• Employees may file complaints under the Act within two years of an alleged violation. The Vermont Department of Labor may also do so on its own initiative.
  • Employers that violate the Act are subject to fines of up to $5,000.
  • The Act incorporates the anti-retaliation provisions set forth in 21 V.S.A. § 397 that prohibit retaliation when an employee makes a complaint of a violation or cooperates in an investigation of a violation, or when an employer believes an employee may do so.
  • The Act does not diminish employees’ rights to unpaid parental and family leave provided under the Vermont Parental and Family Leave Act.

What Vermont Employers Should Do Now

The requirements of the Act for employers will take effect on January 1, 2017. In anticipation, employers operating in Vermont should:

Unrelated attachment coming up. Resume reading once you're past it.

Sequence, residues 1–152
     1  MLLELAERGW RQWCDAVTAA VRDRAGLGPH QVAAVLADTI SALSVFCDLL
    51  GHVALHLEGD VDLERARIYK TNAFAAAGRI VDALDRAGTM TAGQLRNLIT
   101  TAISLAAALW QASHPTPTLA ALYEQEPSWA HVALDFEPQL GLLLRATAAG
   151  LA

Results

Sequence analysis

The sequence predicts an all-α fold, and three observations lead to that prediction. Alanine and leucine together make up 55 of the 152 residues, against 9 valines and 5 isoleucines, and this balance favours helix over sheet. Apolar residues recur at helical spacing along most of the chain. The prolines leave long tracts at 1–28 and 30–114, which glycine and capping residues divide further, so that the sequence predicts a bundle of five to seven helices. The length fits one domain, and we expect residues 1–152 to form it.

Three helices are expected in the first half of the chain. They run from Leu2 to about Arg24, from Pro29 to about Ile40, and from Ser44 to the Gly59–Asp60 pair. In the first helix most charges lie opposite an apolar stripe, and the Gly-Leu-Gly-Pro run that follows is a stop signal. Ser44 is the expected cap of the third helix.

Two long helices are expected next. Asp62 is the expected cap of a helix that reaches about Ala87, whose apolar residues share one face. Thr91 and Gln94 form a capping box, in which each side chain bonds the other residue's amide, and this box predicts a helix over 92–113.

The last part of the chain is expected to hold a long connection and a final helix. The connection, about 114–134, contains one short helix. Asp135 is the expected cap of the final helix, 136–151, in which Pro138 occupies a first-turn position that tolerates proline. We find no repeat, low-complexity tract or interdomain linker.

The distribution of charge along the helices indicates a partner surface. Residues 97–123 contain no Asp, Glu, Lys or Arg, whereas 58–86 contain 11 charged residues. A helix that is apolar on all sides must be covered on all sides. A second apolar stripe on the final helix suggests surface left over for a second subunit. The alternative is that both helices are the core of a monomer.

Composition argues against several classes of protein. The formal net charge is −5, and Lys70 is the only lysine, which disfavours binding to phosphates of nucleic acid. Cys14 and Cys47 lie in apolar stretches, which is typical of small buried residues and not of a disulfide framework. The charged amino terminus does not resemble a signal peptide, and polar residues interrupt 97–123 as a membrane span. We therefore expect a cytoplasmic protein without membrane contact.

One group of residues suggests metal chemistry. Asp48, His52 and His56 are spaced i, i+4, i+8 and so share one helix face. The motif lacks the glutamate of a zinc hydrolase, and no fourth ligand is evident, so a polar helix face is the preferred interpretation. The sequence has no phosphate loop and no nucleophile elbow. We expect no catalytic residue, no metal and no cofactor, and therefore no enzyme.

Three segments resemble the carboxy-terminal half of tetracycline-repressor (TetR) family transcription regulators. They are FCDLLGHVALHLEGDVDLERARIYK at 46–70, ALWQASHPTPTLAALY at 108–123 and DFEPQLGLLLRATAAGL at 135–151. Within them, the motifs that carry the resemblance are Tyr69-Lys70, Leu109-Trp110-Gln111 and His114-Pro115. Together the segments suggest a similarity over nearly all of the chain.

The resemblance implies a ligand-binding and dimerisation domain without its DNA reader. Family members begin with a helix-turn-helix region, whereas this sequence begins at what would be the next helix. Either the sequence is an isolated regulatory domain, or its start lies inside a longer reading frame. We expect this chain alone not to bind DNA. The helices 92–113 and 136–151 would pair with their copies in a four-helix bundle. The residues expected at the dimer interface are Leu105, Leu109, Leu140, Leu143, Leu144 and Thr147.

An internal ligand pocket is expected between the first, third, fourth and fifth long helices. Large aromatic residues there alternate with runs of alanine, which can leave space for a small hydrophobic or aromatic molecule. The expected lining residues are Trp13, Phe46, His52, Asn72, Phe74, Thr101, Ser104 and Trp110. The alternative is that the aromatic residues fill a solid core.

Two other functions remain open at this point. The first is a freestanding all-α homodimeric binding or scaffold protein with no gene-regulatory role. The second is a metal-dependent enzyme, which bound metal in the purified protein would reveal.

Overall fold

• review existing leave policies to determine whether they comply with the requirements set forth in the Act;
  • if entering into a CBA, consider how the requirements of the Act should be addressed in that agreement;
  • train management, payroll, and human resources personnel on the requirements of the Act; and
  • confirm with any third-party payroll vendors that the requirements under the law will be satisfied.
©2020 Epstein Becker & Green, P.C. All rights reserved.National Law Review, Volume VI, Number 112



About this Author

Susan Gross Sholinsky, Labor Employment Attorney, Epstein Becker Green Law Firm
Member of the Firm